• Message to the Israelites entering the land is similar to the exiles - God’s power is greater than Pharaoh and Nebuchadnezzar - God will save despite what the “powers” of the world try
    • What do we need to be saved from? What are we being saved for?
    • “Today I have rolled away the disgrace” = you are no longer defined by your slavery and landlessness, but as those who were saved

      • new identity
      • new food
      • new circumcision
      • new ritual
  • Collective Memory and Divine Encounter

    • Israelites recommit to God - “second circumcision”
    • Concern that the Israelites will be tempted away by the Canaanite fertility Gods

      • Easier to be faithful when God is directly providing what we need to survive - harder to see God at work within ourselves and nature
    • Isn’t Lent a kind of re-circumcision? A rededication of ourselves as the people of God
    • It is amazing how a collective memory or experience binds people together - what are we doing to create those memories in the church?
  • Ritual, Remembrance and faithfulness

    • The first generation that did not experience the “Passover”
    • They cannot remember the Passover event itself, but they choose to define themselves by this event of God’s saving action - similar to Eucharist?
    • Rituals have the power to create community and reinforce communal identity
    • Manna is a memory of how God provided during a very difficult time- but also a memory of the unfaithfulness of Israel who complained against God - it is important to remember both the good and the bad in our past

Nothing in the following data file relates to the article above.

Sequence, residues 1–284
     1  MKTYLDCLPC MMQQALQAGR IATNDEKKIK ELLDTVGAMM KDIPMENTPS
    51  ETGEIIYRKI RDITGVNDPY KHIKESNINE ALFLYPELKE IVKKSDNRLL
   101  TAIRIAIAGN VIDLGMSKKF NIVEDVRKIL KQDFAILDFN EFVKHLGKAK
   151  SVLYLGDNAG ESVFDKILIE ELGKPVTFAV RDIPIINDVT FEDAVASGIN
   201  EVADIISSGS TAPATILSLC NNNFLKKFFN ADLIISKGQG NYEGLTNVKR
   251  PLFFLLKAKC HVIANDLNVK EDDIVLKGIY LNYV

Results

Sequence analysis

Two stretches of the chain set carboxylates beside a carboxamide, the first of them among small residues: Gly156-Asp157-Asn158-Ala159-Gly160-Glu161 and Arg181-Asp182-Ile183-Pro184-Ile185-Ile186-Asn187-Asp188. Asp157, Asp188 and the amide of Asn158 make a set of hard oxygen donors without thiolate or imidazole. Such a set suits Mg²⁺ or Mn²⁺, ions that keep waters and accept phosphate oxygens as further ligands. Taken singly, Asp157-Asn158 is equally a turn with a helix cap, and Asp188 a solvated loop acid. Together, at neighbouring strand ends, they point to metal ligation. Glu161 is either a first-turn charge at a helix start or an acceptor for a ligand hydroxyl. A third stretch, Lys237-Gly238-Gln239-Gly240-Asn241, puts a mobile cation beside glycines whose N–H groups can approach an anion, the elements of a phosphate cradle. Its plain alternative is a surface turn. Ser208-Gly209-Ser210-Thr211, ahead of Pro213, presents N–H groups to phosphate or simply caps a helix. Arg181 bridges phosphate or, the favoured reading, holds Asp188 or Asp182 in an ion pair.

• Connection with Luke and Psalm 32 (thanks to W. Dennis Tucker from Workingpreacher.com)

    • forgiveness - The Israelites will no longer be defined by their slavery or unfaithfulness, but by their renewed covenant with God - who keeps God’s promises
    • Psalm 32:1 - Happy are those whose transgressions are forgiven

Sermon Thoughts and Questions

  • It can be very difficult to be thankful and faithful when things are going well. How can we ritualize thankful celebration? How can we remember to thank God for all the good things without deceiving ourselves into thinking we have done it all on our own?
  • Why are rituals important to our life of faith? What are the important “Passovers” in your community that need repeating and remembering?
  • Passover is about salvation (the saving power of God) What is salvation? What are we being saved for? What from?

Tasty Wafer of the Week:

Thank you listeners
Brian McLaren: “Pulpit Fiction is bringing thoughtful (and entertaining) theological conversation to a device near you… And that’s a fact!”
Twitter: @NelsonPierceJr “I’m honored to be this week’s voice in the wilderness shared last week’s episode and thanked us for telling you about the Black Liberation Rosary prayer, @ArtofTheSermon celebrated their 10th podcast, and congratulated us on a full lectionary cycle.
Casey Fitzgerald - shoutout on Story Divine


Featured Musician - “In Your Eyes,” by Rob Leveridge, from his album Dancing on the Mountain

Thanks to our Psalms correspondent, Richard Bruxvoort Colligan (psalmimmersion.com, @pomopsalmist). Thank you to Scott Fletcher for our voice bumpers, Dick Dale and the Del Tones for our Theme music (“Misirlou”), Nicolai Heidlas (“Sunday Morning”, "Real Ride" and “Summertime”) and The Steel Wheels for our transition music(“Nola’s First Dance” from their album Lay Down, Lay Low) and Paul and Storm for our closing music (“Oh No”).